Study finds horse therapy helps patients focus, feel positive

Although some people may think of horses as large, intimidating animals, a pilot project done by Saskatchewan researchers has found working with horses has helped people on their road to healing.

Pilot project looked at how horses help people on their road to healing

The study began in 2014 and collected feedback from 60 clients taking part in horse therapy through four addiction and mental health treatment sites in the province. (Submitted by Cartier Farms Equine Assisted Learning Program)

Although some people may think of horses as large, intimidating animals, a pilot project done by Saskatchewan researchers has found working with horses has helped people on their road to healing.

The study began in 2014 and collected feedback from 60 clients of four addiction and mental health treatment sites in the province. The feedback was based on nearly 300 sessions with therapy horses.

"Across all the programs … participants all commented on or reported a sense of happiness," said Darlene Chalmers, an assistant social work professor at the University of Regina campus in Saskatoon.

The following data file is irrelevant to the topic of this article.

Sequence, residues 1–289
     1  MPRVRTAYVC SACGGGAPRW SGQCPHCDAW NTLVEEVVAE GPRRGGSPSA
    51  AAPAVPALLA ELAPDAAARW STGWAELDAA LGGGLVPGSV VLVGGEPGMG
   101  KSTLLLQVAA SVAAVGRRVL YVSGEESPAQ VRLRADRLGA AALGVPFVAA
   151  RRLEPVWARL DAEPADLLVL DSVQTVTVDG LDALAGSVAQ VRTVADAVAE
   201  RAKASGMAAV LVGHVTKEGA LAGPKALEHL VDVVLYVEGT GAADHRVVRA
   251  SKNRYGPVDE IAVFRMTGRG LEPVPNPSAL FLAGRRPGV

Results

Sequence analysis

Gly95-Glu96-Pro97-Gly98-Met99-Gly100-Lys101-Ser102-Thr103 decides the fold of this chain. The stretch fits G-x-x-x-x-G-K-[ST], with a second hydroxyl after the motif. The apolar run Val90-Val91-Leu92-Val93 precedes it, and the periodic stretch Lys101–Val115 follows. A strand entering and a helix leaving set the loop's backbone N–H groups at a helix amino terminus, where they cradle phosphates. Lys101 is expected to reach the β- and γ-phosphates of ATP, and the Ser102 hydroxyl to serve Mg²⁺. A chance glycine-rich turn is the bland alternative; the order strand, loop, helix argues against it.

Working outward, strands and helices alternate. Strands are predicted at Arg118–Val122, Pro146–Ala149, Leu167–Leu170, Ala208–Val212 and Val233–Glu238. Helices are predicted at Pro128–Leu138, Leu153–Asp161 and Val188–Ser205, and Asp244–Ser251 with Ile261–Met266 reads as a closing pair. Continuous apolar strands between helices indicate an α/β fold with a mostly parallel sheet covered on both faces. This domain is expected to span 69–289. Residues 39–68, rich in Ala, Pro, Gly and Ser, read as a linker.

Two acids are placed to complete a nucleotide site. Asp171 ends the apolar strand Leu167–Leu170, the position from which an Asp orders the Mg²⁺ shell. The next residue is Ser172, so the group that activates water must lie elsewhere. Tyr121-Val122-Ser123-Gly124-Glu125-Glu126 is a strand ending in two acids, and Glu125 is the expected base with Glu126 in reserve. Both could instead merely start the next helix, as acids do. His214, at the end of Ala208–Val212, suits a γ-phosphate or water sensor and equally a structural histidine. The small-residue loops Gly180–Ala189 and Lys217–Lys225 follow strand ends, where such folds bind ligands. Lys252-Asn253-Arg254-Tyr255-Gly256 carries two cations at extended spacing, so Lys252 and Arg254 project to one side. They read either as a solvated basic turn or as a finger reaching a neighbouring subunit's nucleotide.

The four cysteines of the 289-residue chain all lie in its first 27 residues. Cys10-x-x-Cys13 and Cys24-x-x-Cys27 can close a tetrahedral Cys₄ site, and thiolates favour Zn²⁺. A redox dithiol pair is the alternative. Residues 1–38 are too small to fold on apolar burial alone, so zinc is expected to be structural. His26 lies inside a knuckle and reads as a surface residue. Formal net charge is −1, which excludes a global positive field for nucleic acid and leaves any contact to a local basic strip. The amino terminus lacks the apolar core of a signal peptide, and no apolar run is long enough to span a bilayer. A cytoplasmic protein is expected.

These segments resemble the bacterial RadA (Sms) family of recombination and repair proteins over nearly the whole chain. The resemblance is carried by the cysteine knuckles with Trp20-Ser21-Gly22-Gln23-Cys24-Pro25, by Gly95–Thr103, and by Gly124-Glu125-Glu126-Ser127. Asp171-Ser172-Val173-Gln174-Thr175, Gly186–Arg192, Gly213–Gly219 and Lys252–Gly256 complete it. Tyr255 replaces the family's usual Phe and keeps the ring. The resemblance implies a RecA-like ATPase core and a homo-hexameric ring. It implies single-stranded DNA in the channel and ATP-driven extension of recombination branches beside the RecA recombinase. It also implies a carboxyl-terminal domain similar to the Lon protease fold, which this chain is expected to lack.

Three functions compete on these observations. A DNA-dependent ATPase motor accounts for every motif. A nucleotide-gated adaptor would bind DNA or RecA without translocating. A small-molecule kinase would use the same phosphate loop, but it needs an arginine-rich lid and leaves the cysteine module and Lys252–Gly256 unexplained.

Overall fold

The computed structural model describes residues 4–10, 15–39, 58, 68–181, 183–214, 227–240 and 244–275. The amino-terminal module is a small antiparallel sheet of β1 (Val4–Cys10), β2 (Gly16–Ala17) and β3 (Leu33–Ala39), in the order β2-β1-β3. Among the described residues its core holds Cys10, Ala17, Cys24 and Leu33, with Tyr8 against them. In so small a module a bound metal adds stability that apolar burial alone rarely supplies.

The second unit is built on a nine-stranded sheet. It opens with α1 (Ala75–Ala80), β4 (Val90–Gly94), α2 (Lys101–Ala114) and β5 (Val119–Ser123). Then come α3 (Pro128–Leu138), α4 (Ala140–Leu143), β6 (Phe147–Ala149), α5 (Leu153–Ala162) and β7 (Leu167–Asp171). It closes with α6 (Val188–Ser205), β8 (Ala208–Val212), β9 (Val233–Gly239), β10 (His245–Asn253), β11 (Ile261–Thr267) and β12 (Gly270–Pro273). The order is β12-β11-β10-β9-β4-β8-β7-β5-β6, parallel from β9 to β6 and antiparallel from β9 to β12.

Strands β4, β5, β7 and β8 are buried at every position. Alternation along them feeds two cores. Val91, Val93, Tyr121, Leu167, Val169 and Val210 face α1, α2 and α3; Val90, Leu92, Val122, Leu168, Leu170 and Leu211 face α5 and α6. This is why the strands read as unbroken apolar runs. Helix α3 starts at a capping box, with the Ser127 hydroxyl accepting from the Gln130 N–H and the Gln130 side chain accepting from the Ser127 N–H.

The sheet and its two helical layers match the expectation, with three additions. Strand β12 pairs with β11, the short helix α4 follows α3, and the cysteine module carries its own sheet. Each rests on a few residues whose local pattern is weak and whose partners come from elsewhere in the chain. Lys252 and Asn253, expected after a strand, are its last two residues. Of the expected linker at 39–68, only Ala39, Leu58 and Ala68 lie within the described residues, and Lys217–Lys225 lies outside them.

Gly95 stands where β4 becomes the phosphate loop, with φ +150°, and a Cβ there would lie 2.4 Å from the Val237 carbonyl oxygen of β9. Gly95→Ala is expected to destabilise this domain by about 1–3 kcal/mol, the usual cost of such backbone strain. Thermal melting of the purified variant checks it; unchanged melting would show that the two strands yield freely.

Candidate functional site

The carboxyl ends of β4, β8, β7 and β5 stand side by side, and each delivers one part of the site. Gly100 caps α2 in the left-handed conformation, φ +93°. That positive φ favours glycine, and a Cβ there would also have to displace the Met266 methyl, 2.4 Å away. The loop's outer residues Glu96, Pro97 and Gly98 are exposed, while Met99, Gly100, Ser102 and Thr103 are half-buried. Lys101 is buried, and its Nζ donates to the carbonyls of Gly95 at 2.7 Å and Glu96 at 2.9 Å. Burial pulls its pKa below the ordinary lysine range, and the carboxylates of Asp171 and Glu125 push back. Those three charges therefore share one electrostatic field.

The study on horse therapy was done following separate research that looked at therapy dogs, and how people who interacted with the dogs felt love and support. (Submitted by Cartier Farms Equine Assisted Learning Program)

"They also reported a connection with the horses and that connection was discussed or shared in relation to feeling a sense of love, and feeling supported by the horses but also the facilitator of the program."

Chalmers said the study was done following separate research that looked at therapy dogs, and how people who interacted with the dogs felt love and support.

"That prompted us to think about how might that look in programs where horses are part of that therapeutic action."

Chalmers said horses are attuned to their environment, and the study found that the animals quickly engaged with the clients.

Patients reported feeling more positive, and being able to focus better.

Patients reported feeling more positive and being able to focus better after their interactions with the horses. (Submitted by Cartier Farms Equine Assisted Learning Program)

Chalmers, along with researcher Colleen Dell of the University of Saskatchewan, are now looking at developing a larger study to look at the subject further. 

About the Author

Courtney Markewich

After spending five years in radio, Courtney Markewich joined CBC Saskatoon in 2016. She is currently a Social Media News Editor/Presenter for @CBCSask and @CBCSaskatoon.

With files from CBC Radio's Afternoon Edition